KATIE McDANIEL has always loved babies. The 17-year-old Crofton girl is a favorite babysitter for all the neighborhood families. Toddlers jump with glee when they see Katie visit because they know she enjoys playing with little children.
Still, after spending a recent weekend caring for a computerized doll as part of her parenting class at South River High School, Katie said, "I'm not going to have a baby until I'm 50." Of course, she was laughing when she said it.
Still, her message is very clear: Even though she has friends who have become pregnant, Katie knows for sure that 17 is much too young to have a baby. She wants to wait a long time before she becomes a mother.
She received a taste of what parenthood is like through the Baby Think It Over (BTIO) Program, which is part of her "Decisions for Responsible Parenting" class at South River High. The BTIO "baby" is a plastic doll with a computer in its back. Each Friday afternoon, a student takes the BTIO home for the weekend, watching over the doll as if it were a real baby.
The computer tracks the student's parenting skills until Monday morning, when the teacher reads the computer output to determine the student's grade.
How does a computer know about parenting skills? The doll has sensors that detect when its head is not being supported and report when it has been shaken.
The BTIO also cries - a lot.
Every time the doll cries, the student is required to turn a key in its computer. Sometimes, that stops the crying. Sometimes, the BTIO keeps right on. Katie's 16-year-old sister, Colleen, called the crying "annoying."
But Katie couldn't ignore it, partly because it was annoying and partly because the computer was clocking every minute that she wasn't taking care of the crying doll.
Baby-sitting for a few hours is one thing, but Katie said that a whole weekend of baby watching was quite a different experience.
She said she took the BTIO everywhere, even to the mall. It was a hassle to have to use the car seat every time she went anywhere. It was a hassle to have the doll crying while she was driving. And it was embarrassing to see people stare at her, thinking she had a real baby.
The BTIO also was costly. Katie had to take the day off from her job at Pat's Hallmark store. "You can't take a baby to work," she said, "So that cost me money."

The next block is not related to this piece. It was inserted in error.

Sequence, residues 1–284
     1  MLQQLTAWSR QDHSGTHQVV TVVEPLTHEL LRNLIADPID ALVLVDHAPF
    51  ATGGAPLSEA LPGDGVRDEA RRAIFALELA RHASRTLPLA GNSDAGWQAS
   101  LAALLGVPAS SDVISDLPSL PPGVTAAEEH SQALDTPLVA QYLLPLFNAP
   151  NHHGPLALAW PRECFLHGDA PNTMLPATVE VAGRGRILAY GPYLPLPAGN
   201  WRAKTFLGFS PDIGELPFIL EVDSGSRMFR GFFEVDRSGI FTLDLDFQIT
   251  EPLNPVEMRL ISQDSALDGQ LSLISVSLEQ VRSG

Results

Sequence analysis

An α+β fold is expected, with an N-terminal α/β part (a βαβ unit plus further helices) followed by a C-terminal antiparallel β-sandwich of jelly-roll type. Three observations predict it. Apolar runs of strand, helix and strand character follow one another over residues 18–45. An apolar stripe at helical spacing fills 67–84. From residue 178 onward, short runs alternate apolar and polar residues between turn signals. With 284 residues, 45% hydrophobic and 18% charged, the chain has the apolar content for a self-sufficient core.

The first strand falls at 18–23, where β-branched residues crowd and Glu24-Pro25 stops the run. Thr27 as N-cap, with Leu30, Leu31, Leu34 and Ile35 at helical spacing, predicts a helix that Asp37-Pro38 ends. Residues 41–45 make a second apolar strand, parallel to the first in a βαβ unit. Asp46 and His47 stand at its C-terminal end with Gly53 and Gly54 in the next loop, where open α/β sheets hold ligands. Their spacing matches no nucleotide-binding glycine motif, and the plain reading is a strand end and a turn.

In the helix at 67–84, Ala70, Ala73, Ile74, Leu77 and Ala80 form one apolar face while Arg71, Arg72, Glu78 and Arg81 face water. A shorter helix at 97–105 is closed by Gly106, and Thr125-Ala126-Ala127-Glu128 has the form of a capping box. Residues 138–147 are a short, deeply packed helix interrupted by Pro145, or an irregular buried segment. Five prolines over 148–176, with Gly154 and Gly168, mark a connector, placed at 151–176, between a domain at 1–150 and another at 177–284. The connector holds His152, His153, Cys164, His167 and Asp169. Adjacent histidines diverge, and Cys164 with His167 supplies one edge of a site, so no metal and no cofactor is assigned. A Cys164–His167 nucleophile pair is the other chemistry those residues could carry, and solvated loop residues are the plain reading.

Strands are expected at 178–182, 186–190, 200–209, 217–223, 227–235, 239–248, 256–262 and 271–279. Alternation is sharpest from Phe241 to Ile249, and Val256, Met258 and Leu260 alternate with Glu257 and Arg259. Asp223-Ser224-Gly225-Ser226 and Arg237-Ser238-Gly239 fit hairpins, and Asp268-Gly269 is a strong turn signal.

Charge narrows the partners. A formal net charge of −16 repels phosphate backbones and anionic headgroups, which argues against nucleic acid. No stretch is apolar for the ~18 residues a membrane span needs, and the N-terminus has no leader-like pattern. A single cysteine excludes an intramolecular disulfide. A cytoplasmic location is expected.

Why didn't she just leave the baby at home when she went out? The rules said she had to find - and pay - a baby sitter if she did. One time, she asked Colleen to babysit. That cost her $10.
How about her parents? Her dad, Chris McDaniel, said: "No. It's not my responsibility. It's yours." Her mother, Debbie McDaniel, said that, if necessary, she would baby-sit - but she would require chores in payment. Katie decided it wasn't worth the work involved.
The worst part, Katie said, came at night, when the BTIO seemed to cry more often and for longer periods. She said she slept on the sofa downstairs so the crying wouldn't wake the whole family. But, after a weekend of a simulated crying, Katie said: "I got a max of four hours of sleep. I was extremely tired. I was so tired I didn't even want to go out."
Katie reported with pride that when she brought her BTIO back to school, she got a good grade on her parenting, but she is glad the experience is over.
"I think everyone should take home a BTIO," said Katie. "Sometimes people don't think. If they knew all the trouble, all the time and effort involved, they wouldn't have a kid."
She knows teens who have had babies and has seen the problems they encountered. But her BTIO experience made the issue real for her.
Katie said she still loves babies and that she will probably become a mother - but not for a long time.
Forum on clerical abuse
St. Elizabeth Ann Seton Catholic Church in Crofton will sponsor a parish open meeting on the topic of sexual abuse of children by members of the clergy at 7:30 p.m. today in the parish center. The Rev. Vincent Cushing, a faculty member at Washington Theological Union, will facilitate the program. The meeting will conclude with prayers for healing.